In final hearing, Jan 6 panel's investigation into Trump's 187 minutes
- The panel aims to show just how close the United States came to a constitutional crisis
- Testifying on Thursday will be former White House aides who had close proximity to power
- More than 840 people have been charged with federal crimes related to the Capitol riot
The Jan. 6 committee will on Thursday hold its final hearing of the summer the way the series began — vividly making the case that Donald Trump's lies about a stolen election fuelled the grisly US Capitol attack, which he did nothing to stop but instead "gleefully" watched on television at the White House.
According to reports, Thursday's prime-time hearing will dive into the 187 minutes that Trump failed to act on Jan. 6, 2021, despite pleas for help from aides, allies and even his family.
The panel intends to show how the defeated president's attempt to overturn Joe Biden's election victory has left the United States facing enduring questions about the resiliency of its democracy.
"A profound moment of reckoning for America," said Rep. Jamie Raskin, D-Md., a member of the committee.
With live testimony from two former White House aides, and excerpts from its trove of more than 1,000 interviews, the nearly two-hour session will add a closing chapter to the past six weeks of hearings that at times have captivated the nation.
Returning to prime time for the first time since the series of hearings began, the panel aims to show just how close the United States came to what one retired federal judge testifying this summer called a constitutional crisis.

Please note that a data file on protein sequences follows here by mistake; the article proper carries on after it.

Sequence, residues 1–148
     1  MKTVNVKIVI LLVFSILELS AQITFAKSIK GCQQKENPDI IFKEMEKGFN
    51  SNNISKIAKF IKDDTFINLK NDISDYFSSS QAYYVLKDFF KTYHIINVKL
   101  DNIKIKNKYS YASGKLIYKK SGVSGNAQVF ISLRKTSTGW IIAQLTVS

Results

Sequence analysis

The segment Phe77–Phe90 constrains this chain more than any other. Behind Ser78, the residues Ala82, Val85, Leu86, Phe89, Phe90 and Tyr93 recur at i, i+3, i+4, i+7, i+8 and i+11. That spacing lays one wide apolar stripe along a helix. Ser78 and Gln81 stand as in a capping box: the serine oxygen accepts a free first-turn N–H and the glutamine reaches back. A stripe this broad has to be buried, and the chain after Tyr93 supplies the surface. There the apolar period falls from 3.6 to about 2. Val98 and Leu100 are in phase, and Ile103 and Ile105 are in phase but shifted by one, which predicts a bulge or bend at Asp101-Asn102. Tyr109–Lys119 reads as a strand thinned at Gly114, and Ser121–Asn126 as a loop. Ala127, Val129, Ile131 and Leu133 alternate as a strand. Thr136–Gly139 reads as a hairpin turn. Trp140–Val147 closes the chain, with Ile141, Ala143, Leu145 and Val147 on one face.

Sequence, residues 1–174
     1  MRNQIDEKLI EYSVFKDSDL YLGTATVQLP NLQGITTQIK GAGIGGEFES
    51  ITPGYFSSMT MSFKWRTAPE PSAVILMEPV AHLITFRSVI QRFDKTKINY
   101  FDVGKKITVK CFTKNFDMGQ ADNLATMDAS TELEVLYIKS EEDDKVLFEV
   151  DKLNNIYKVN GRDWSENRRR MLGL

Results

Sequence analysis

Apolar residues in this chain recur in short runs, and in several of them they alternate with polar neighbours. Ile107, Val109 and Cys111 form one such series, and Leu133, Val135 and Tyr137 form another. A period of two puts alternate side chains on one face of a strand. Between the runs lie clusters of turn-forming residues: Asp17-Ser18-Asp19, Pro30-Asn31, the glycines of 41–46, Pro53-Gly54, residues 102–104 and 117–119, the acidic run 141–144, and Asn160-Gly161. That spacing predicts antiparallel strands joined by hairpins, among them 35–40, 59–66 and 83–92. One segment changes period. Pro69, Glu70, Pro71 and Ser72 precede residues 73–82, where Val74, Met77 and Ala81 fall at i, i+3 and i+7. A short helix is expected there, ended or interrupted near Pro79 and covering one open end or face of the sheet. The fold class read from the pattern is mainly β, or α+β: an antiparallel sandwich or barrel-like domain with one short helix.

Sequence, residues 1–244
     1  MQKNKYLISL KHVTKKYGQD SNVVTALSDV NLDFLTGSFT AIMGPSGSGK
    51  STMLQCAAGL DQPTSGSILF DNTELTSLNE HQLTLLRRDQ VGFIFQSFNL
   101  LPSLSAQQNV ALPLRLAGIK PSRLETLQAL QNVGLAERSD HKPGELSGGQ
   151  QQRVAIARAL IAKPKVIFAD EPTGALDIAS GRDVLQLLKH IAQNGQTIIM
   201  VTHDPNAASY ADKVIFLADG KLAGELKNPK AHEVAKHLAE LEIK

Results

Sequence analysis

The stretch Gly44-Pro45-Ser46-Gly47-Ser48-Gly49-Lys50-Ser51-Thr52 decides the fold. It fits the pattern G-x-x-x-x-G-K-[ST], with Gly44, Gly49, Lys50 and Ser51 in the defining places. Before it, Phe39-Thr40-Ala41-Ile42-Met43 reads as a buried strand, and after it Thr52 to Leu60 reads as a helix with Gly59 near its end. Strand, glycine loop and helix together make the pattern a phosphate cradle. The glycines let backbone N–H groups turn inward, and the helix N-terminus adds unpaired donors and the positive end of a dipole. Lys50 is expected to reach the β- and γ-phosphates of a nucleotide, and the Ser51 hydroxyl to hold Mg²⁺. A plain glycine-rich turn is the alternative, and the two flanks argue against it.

The events of Jan. 6 will be outlined "minute by minute," said the panel's vice chair, Rep. Liz Cheney, R-Wyo.
"You will hear that Donald Trump never picked up the phone that day to order his administration to help," Cheney said.
"He did not call the military. His Secretary of Defence received no order. He did not call his Attorney General. He did not talk to the Department of Homeland Security," Cheney said.
Testifying on Thursday will be former White House aides who had close proximity to power.
Matt Pottinger, who was deputy national security adviser, and Sarah Matthews, then press aide, both submitted their resignations on Jan. 6, 2021, after what they saw that day. Trump has dismissed the hearings on social media and regarded much of the testimony as fake.
Also read: Who is Matthew Pottinger?
Rep. Bennie Thompson, D-Miss., the chairman of the committee, is isolating after testing positive for Covid-19 and will attend by video. Rep. Elaine Luria, D-Va., a former Naval officer who will lead the session with Rep. Adam Kinzinger, R-Ill., who flew combat missions in Iraq and Afghanistan, said she expects the testimony from the White House aides will "just be really compelling."
So far, more than 840 people have been charged with federal crimes related to the Capitol riot. Over 330 of them have pleaded guilty, mostly to misdemeanours. Of the more than 200 defendants to be sentenced, approximately 100 received terms of imprisonment.